# Figuring out how to find two of the zeros for max/min/saddle point problem

I'm doing a problem that asks me to find these things for $f(x,y)=y^3+3x^2y-6x^2-6y^2+2$.

I found $f_x=6xy-12x$ and $f_y=3y^2+3x^2-12y$

And found two of the zeros/points listed in the answer key, $(0,0), (0,4)$.

The book says that points $(1,1), (-1,-1)$ are saddle points but I don't see how they got those x and y values as zeros of the second derivatives. In the case of x=1 and y=1, $f_x=6(1)(1)-12(1)=6-12=-6.$

Can someone please explain this?

• Have you found the hessian matrix with respect to this function? What are its eigenvalues when evaluated at $(0,0)$ and $(0,4)$? – Git Gud Oct 15 '16 at 6:59
• How were you taught to determine if the critical points are maxima, minima or saddle points? – Git Gud Oct 15 '16 at 7:03
• Oh, I see, It's exactly the same thing, only your instructor chewed your food and fed it directly into your mouth. OK, and now I realize I misread your question, sorry. Give me a minute. – Git Gud Oct 15 '16 at 7:09
• MSE is an amazing place to learn. And the book is wrong. Saddle points are critical points and $(1,1)$ and $(-1,-1)$ are not critical points. – Git Gud Oct 15 '16 at 7:17
• You did miss a couple of points, though. And those might be saddle points. Try $(-2,2)$ and $(2,2)$. – Git Gud Oct 15 '16 at 7:32

## 1 Answer

Finding the Max (downhill in every direction)/Min (uphill in every direction)/Saddle points (down hill along one axis, uphill along the other) for $f(x,y)=y^3+3x^2y-6x^2-6y^2+2$.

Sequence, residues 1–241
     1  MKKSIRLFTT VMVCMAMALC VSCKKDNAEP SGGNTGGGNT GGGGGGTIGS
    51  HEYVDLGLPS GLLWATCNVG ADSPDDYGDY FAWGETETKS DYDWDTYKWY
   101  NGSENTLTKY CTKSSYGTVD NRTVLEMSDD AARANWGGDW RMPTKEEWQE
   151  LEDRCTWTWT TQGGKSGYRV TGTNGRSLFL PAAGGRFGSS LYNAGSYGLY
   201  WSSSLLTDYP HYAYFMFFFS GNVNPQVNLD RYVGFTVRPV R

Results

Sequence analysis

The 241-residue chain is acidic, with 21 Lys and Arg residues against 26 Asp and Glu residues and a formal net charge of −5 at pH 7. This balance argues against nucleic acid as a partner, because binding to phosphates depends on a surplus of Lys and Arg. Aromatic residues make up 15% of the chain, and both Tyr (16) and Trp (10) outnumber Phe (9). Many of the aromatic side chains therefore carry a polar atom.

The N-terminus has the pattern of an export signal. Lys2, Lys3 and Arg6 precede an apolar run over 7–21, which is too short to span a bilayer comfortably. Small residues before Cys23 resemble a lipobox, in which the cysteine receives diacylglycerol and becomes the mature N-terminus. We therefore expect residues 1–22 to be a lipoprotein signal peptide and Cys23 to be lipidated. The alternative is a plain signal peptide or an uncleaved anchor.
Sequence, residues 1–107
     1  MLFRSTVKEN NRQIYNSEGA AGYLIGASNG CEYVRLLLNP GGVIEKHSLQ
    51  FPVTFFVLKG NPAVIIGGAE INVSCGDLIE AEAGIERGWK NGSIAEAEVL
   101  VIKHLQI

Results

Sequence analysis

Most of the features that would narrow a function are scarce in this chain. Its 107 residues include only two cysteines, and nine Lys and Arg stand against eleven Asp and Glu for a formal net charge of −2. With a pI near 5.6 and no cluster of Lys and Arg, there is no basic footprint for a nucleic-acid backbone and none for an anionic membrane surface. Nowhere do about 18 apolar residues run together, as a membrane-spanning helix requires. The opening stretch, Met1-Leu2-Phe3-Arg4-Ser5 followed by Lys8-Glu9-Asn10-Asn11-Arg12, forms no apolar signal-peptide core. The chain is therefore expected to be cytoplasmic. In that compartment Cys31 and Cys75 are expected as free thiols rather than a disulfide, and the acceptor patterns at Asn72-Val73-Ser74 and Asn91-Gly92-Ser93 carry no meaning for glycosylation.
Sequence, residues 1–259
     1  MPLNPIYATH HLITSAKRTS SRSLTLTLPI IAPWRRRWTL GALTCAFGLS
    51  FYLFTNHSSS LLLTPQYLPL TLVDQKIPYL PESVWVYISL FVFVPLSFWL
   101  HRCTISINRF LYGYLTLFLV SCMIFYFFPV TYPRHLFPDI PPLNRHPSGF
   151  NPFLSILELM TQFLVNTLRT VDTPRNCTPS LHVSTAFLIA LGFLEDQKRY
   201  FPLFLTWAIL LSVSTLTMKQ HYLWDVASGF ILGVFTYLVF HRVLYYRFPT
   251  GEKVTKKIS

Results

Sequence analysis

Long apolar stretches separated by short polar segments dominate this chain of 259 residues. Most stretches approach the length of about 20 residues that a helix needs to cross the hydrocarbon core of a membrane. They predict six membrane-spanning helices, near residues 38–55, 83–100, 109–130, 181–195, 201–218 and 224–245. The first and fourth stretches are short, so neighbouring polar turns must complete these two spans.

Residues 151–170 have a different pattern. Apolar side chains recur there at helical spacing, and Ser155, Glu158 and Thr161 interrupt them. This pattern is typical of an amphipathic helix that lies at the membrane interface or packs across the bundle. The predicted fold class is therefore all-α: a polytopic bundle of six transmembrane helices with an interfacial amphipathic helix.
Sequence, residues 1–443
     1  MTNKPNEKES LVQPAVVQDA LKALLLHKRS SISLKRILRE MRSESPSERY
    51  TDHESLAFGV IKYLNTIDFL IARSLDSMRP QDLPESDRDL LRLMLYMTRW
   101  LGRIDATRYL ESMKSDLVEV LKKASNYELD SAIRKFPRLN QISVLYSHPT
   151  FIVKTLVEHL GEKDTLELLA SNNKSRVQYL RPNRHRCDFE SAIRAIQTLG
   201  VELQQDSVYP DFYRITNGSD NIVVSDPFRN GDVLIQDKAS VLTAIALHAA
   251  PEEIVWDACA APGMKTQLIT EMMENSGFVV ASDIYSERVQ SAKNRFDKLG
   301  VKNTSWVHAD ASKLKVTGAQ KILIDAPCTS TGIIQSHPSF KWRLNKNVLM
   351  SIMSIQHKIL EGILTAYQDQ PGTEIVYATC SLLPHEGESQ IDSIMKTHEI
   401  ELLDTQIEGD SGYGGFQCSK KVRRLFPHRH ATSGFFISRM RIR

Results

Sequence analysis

Equation to test the points you find to see if they are one of the types you are looking for:

$D$(hessian matrix)$=f_{xx}*f_{yy}-(f_{xy})^2$

-> If D > 0 then the point plugged into its equation is an extrema point. If D < 0 then the point is a saddle point. In the case that D is zero, the test is inconclusive.

-> Need $f_x$ an $f_y$ as well to find the critical points. -> Will use $f+{xx}$ to determine if an extrema point is a maximum point or a minimum point.

Needed partial derivatives:

$f_x=6xy-12x$, $f_y=3y^2+3x^2-12y$

$f_{xx}=6y-12$, $f_{yy}=6y-12$

$f_{xy}=6x$

$D=(6y-12)*(6y-12)-(6x)^2$

Final equation:

$D=36y^2-144y+144$

Finding the critical points (those which are candidates for being a max, min, or saddle point):

->Set $f_x=f_y=0$

$6xy-12x=0$ -----and------ $3y^2+3x^2-12y=0$

-> There is an x or y in every term of both equations. -> Thus setting both x and y to zero sets both equations to zero.

-> First critical point: (0,0)

Now,

-> Use left hand side to find a equation for x.

$6xy-12x=0$ -> $6xy=12x$ -> $\frac{12x}{x}=6y$ -> $12=6y$

-> Thus: y=2. -> Plug y value into right hand side equation.

$3(2^2)+3x^2-12(2)=0$

$12+3x^2-24=0$

$3x^2=12$

-> Thus x = -2 || 2

-> This yields the following critical points: (-2, 2) and (2, 2).

Finally,

-> Notice that setting x to zero, with any y value makes the left hand equation equal to zero. If x equals zero on the right hand side:

$3y^2+3(0^2)-12y$

$(3y^2-12y)=0$

$3(y^2-4y)=0$ -> $y^2-4y=0$

-> Thus y= 4, yielding the following critical point: (0, 4).

-> Therefore the critical points are: (0, 0), (0, 4), (2, 2), (-2, 2).

Testing the points using the formula for D:

$D(0, 0)=36(0)^2-144(0)+144=144$

-> D is positive so this is an extrema point. Plug the point into $f_{xx}$.

$f_{xx}(0,0)=6(0)-12=-12$

-> $f_{xx}$ is negative, the slope in all directions from this point goes downwards, so this is a local max.

$D(0, 4)=36(4)^2-144(4)+144=144$

-> D is positive so this is an extrema point. Plug the point into $f_{xx}$.

$f_{xx}(0,0)=6(4)-12=18$

-> $f_{xx}$ is positive, the slope in all directions from this point goes upwards, so this is a local min.

$D(2, 2)=36(2)^2-144(2)+144=-288$

-> D is negative meaning this is a saddle point.

$D(-2, 2)=36(2)^2-144(2)+144=-288$

-> D is negative meaning this is a saddle point as well.